The pieces drew attention to the horizontal and vertical relationships along with the other details. They had an asymmetrical composition with an unusual angled viewpoint. The artists cropped the elements of the designs, giving them a unique, spontaneous feel. Also, designers now use sharp colors in contrast to a more natural feel in the past.
Among several other subjects, the artists explored the themes of female beauty, landscapes, and kabuki actors. Artists paid less attention to the details of the physical features and followed the beauty trends. The bodies were tall, faces were stereotyped and mainly depended on the definition of beauty in that particular era. Most on-demand orders were portraits of celebrities, especially from the field of Sumo or Kabuki world.
Asian art depicts nature and landscapes as one of the integral components. Artists have studied and explored the concepts of human and plant anatomy extensively. The nature prints in Ukiyo-e were Kachō-e, and they reflected "flowers and birds" in pictures. The genre was open, and Hokusai's depictions made a genre out of Kachō-e.
To get the Ukiyo-e feel, start with minimalism and finish with bold colors. The contrast between the simplicity and dramatic colors brings this art style to life.
Focus on a simple subject to allow purposeful linework in the middle of a natural background. Want to incorporate some Ukiyo-e to your designs? Let MarsDevs guide your design team through the process. It saves you time, money, and resources.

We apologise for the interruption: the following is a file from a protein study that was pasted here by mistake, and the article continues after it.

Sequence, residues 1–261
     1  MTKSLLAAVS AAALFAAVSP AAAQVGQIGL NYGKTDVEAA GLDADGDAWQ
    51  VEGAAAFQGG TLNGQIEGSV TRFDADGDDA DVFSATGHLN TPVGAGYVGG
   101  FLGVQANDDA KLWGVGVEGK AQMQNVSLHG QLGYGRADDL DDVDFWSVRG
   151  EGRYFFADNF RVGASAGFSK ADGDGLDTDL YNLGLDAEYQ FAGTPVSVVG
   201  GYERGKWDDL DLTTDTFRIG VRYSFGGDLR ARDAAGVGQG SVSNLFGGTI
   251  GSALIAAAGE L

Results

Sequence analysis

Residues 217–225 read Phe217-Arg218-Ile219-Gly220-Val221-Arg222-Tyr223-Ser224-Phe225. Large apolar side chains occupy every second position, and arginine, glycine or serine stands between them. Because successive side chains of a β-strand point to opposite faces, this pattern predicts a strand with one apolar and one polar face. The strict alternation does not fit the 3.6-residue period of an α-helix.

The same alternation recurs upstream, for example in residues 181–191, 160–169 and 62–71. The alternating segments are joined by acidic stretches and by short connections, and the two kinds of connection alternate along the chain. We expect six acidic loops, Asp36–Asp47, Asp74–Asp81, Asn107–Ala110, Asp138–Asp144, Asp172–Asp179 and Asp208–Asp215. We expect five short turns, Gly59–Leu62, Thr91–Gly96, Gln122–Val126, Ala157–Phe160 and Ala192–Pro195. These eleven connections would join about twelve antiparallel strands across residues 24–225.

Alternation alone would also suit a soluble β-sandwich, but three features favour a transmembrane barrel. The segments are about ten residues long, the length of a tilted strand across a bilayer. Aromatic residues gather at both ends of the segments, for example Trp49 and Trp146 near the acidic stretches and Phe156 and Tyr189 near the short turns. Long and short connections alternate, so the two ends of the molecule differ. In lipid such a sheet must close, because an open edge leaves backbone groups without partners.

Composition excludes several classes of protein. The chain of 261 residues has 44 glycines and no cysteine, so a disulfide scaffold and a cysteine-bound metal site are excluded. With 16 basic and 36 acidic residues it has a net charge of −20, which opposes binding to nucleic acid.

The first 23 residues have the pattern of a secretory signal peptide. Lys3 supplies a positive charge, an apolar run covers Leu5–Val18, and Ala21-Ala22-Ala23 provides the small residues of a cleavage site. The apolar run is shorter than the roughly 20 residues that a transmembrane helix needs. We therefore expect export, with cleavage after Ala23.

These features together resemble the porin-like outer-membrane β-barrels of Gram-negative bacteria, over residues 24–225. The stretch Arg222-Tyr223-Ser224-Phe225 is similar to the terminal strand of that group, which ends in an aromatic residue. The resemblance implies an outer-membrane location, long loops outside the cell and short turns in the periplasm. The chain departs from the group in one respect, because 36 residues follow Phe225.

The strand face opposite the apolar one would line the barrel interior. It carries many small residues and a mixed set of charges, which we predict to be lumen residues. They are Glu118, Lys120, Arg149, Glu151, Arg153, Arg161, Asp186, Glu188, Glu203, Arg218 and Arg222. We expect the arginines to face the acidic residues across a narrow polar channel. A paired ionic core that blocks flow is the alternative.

In 2012, a Youtuber and woodblock printmaker, David Bull started working on a project called Ukiyo-e Heroes with his contemporary artist Jed Henry. This project featured handcrafted woodblock prints inspired by classic pop culture and video games. When we talk about video games, we are talking about our favorite Pokemon, Mario Kart, etc.
According to David, his partner Jed works on the research part while he gets these designs carved carefully onto the woodblocks. The wood they use is primarily Japanese Cherry Wood or Yamazakura. Then they transfer it to the sheets of the Echizen Hosho Washi papers. Even behind-the-scenes videos are incredible.
The video games like Mario Kart and others saved the floating world of Ukiyo-e. Though several visual artists from the east inspired the west, Ukiyo-e was one of the most prominent ones. Ukiyo-e had the same influence on culture between the 17th and 20th century as video games have on ours now.
To identify a design, code, or presentation that Ukiyo-e styles inspire, you must know the basic principles and elements. You need not worry about the implementation now. We have a development team to guide you through.